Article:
Friday, April 29, 2011

Kids Will Be Kids and Then There's Autism

When I was 5 years old, I bit a girl on the bus.  Let's say her name was Ann.  She was really shy and had droopy cheeks.  And one day on our way from school I leaned over and bit her cheek - hard.  The next day Ann's mother and two older brothers were at the bus waiting to confront me and tell my mother.  Ann's cheek was purple and blue.  My mother was furious.  I got smacked in the face right there on the corner of Britton and Gleane.  And much worse when my mother decided my punishment was to stay home with her.  The next day when I returned to school, my mother sent a note to my teacher - telling her what I did to poor little Ann.  And I was put in a corner with a dunce cap.  It was after all the late 70s, early 80s.

So in a way I get when people try to comfort me and say "kids will be kids"  or "all kids do that."  But usually there kid isn't like my kid.  And I wonder if corporal punishment and humiliation would work on The Boy.  Probably not.  Not that it's even a option.  I'm just saying...

The Boy is having a hard time lately.  5 SEITs since January.  We're currently waiting for SEIT #6.  Spring Break and going to the baby sitters.  The break in routine is starting to take its toll.  And he doesn't have the language or cognitive ability to articulate the frustration he may be feeling.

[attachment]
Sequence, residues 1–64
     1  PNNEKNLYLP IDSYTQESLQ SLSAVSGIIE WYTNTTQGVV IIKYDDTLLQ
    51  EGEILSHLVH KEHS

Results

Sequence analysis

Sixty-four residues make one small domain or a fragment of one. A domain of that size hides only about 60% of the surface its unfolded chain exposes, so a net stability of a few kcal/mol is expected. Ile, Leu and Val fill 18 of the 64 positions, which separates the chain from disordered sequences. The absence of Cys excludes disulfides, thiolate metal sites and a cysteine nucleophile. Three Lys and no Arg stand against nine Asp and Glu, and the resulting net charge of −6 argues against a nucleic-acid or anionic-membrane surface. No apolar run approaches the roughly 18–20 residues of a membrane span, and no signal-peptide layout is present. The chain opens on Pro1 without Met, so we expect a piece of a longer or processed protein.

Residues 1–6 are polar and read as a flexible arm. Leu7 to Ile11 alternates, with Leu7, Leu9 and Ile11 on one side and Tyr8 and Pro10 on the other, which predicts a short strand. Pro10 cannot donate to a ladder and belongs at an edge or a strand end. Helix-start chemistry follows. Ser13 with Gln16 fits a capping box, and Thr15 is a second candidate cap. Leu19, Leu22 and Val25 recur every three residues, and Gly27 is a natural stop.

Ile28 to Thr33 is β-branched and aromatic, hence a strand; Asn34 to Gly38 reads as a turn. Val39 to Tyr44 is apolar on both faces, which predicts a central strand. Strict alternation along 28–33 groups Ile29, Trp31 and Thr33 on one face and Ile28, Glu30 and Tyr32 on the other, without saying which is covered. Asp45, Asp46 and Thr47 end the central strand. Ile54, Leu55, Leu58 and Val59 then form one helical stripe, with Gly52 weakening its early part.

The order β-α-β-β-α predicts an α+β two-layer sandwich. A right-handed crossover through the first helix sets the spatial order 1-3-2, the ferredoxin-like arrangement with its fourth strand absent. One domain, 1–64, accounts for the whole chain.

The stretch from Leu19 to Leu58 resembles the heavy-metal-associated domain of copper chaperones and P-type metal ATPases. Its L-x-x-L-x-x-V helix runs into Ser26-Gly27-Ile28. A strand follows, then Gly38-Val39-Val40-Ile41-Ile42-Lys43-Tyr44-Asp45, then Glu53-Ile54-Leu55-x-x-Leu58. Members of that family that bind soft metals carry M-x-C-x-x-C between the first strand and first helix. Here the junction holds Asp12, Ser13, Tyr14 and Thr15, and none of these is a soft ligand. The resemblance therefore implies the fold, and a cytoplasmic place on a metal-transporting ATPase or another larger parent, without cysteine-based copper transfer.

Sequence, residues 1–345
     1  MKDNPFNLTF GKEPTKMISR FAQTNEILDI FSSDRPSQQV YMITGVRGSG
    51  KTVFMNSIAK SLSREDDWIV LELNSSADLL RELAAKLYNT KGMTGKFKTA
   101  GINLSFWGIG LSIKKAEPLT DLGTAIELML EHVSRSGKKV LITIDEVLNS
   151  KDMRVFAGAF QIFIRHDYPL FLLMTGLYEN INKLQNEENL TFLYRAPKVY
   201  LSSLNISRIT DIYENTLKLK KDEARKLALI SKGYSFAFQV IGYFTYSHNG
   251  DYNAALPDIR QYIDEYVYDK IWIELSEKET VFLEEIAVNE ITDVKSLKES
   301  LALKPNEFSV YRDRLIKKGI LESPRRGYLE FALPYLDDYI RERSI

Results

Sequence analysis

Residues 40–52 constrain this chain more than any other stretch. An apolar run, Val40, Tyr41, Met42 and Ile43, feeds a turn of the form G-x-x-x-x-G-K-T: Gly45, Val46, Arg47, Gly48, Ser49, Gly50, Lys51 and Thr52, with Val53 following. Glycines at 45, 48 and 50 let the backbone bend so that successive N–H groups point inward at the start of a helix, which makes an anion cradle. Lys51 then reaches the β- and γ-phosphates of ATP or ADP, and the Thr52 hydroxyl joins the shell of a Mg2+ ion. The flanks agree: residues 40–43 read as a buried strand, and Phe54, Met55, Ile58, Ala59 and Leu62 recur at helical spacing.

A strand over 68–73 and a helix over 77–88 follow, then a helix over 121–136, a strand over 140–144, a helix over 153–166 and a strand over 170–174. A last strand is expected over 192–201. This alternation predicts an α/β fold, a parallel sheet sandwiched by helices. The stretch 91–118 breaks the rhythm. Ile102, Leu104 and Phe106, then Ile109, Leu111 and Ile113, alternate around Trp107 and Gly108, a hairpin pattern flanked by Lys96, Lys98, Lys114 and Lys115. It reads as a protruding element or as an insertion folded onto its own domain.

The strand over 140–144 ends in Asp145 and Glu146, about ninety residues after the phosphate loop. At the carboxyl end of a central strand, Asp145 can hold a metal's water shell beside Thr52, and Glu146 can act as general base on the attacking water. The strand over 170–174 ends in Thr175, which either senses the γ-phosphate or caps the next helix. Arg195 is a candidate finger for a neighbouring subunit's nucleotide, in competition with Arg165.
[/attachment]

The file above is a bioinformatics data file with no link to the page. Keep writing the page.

Tonight I got home and checked The Boy's notebook.  Today he threw an object at a staff member's face.  When redirected, he urinated on himself - even though he's potty trained.  Earlier this week, he punched a classmate in the eye and he pushed another.  He never used to do these things.  These are behaviors that have increased since the disruption in home-bases services.  And I need to get him back on track.  But I don't know how.  

I'm worried about September, when he starts a new school.  What will that change bring?  Will the behaviors get worse?  And will we have the support to help him?